This is the space where guide dog Jarvis will post his thoughts for Advent, his first post will be Sunday December 3rd, watch this space.
Monday December 11th
Dave here, why is "Howay In A Manger" so important to me?
Like many disabled Christians I have often felt the very subtle, unspoken pressure to be cured of my disability.
In my time I have been accused of a lack of faith, of simply not praying hard enough, I have been told that there must be some unacknowledged area of sin in my life and that if only I would repent and confess then I would be cured.
I have to tell you I think this all comes from a lack of understanding of the difference between healing and cure.
For the ten years or so after being diagnosed I simply ran away, the prospect of my onsetting disability was simply too much for me to contemplate so for years, I ran, I lied, I hid, I refused help, I refused to talk about it. All of this behaviour did untold damage to all my relationships, with my wife, my parents and family members and most of my friends. After tea years of this the truth is that I found myself late at night, standing in the middle of the Tyne Bridge, very seriously contemplating suicide.
After standing there for well over an hour, I lost my nerve and walked home.
The next day I began a long process of exploring what help and advice might be out there for someone losing their sight. I told not a soul about this process for fear I might not be able to go through with it, I wanted to know I could deal with it before telling anyone.
After searching through local blind societies, charities like RNIB and Guide Dogs I was eventually offered an assessment to see if I would get a guide dog. It was at this point that I told my wife Denise what I'd been up to, she could not believe it.
While all this was going on I was an active member of the Northumbria Community, a Celtic Christian, a new monastic. Imagine then my joy when eventually I was matched with my first dog, a dog called Abbot, me a new monastic being guided by an abbot, here was God telling me very loudly that this was the right thing, I've never looked back.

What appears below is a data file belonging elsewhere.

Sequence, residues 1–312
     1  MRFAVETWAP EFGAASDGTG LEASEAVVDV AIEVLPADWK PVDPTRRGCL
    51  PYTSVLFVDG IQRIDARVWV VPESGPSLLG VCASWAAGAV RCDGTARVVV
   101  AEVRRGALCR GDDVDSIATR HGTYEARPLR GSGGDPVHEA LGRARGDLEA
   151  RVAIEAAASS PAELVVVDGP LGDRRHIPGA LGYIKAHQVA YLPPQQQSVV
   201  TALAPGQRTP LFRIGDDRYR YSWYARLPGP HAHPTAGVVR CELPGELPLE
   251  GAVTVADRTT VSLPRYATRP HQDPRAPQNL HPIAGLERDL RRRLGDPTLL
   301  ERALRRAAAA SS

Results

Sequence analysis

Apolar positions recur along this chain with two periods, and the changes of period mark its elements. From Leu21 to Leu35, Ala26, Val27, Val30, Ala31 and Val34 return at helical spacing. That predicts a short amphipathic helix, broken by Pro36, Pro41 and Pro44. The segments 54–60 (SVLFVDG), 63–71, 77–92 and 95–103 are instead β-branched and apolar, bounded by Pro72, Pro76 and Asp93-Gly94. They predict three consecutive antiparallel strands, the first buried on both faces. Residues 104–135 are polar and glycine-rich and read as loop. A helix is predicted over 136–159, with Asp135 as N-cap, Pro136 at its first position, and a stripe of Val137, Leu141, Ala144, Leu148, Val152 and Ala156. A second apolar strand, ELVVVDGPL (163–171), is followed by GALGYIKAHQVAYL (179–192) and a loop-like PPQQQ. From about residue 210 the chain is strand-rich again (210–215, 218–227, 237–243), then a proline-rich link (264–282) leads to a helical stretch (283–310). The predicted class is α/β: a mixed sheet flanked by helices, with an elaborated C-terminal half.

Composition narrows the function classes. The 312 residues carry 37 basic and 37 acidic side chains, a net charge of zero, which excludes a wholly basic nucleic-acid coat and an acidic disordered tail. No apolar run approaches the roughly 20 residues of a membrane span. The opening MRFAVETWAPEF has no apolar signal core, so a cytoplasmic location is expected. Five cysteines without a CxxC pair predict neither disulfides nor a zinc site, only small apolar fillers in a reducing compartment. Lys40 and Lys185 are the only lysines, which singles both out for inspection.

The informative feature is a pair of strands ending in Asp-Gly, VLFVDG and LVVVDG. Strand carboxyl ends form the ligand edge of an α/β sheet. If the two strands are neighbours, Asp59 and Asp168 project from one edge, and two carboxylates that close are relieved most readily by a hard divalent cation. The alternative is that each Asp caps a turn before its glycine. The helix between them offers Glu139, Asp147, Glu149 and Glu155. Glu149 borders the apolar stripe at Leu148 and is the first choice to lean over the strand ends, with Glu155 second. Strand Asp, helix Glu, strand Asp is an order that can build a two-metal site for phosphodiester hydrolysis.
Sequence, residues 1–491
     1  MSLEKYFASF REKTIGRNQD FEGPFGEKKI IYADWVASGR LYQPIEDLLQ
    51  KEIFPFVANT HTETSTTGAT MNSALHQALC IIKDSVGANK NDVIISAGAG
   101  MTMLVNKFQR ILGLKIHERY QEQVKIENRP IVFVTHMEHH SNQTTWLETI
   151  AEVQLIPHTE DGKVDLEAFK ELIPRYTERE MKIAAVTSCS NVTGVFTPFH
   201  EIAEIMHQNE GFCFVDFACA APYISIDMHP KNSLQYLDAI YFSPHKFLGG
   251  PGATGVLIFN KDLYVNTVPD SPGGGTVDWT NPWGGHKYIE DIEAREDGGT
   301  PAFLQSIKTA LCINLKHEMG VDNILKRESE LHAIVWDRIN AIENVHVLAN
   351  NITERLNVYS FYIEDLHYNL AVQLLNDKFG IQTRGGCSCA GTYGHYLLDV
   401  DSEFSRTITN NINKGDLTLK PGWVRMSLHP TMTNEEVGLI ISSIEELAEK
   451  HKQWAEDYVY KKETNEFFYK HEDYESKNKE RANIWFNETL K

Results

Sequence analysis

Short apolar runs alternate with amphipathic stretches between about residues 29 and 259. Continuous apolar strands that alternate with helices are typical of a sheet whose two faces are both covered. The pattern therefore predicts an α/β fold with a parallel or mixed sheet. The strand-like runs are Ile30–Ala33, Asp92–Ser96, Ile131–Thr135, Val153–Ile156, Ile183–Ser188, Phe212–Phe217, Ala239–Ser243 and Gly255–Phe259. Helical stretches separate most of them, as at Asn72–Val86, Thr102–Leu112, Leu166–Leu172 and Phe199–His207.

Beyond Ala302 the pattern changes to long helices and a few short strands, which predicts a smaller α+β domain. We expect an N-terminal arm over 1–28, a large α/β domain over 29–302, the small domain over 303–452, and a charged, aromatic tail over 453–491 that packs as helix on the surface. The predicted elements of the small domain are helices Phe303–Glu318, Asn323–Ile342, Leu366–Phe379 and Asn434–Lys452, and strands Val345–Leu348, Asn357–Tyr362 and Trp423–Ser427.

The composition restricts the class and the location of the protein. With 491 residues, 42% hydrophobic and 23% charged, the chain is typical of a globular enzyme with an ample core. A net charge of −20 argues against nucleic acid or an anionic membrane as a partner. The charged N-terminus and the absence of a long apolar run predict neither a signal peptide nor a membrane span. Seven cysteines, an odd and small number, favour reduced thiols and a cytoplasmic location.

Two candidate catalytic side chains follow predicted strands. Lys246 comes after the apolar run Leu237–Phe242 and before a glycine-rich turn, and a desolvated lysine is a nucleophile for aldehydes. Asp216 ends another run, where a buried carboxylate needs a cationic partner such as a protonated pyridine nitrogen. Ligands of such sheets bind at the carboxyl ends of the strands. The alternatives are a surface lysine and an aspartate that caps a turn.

Getting Abbot and now having Jarvis has been the single most transformative experience of my life. Have I been healed of my disability? No, indeed it is in real terms far worse now. Have I been cured? Absolutely without doubt YES! My blindness holds very little fear for me now, in the 16yrs since Abbot arrived I have rebuilt my life, I've done an MA, changed career, moved house and my marriage has been totally transformed. To all those people back then who were demanding a miracle, all I can say is I have had not just one but many.
So "Howay In A Manger" is about a Christmas celebration with disabled people where no one is going to blame your disability on sin, where no one will pressure you about being cured and above all where you are welcome and loved as you are.
Sunday December 10th
Advent is a time of waiting.
My Dad isn't very good at that but I'm teaching him the art of patience.
When I'm out working with my dad and we approach a kerb I sit down and dad can recoginise that movement through my harness, so then he knows we have arrived at a kerb. There is a popular misconception that it is the dog that decides when to cross, no the owner must decide but here is the clever bit, if dad gives me the command forward and it is not safe I will simply ignore him. Guide Dogs refer to this as "intelegent disobedience". Dad is often very impatoent and can urge me to set off before it is safe, that's simply not going to happen.
During Advent it can all get rather exciting and many of us find the waiting part the most difficult, but remembe that we are waiting for a reason and it is in that waiting space where trust begins to grow.
Saturday December 9th
On this day back in 2001 I qualified with my first guide dog Abbot, I have a background in Celtic Christianity and the idea of being guided by an abbot seemed very profound to me.
This time of year always reminds me of thos early days with Abbot and that jhe arrived in Afvent has always felt significant to me. Getting Abbot was a rebirth for me, the start of something new, the most life changing and transformational experience I've evr had.
That sense of anticipation, the expectancy of rebirth, the chance to start over is what always comes to me during Advent.
My prayer for all of you would be that you experience some of that feeling that I had when Abbot arrived in that Advent of 2001.
The Christ Child is coming, their is expectancy in the air.
A life changing experience is almost upon us.
Today Jarvis has a message for us all. Ask anyone about the role of a guide dog and they will probably say that a guide dog is there to lead someone, this is a common misunderstanding.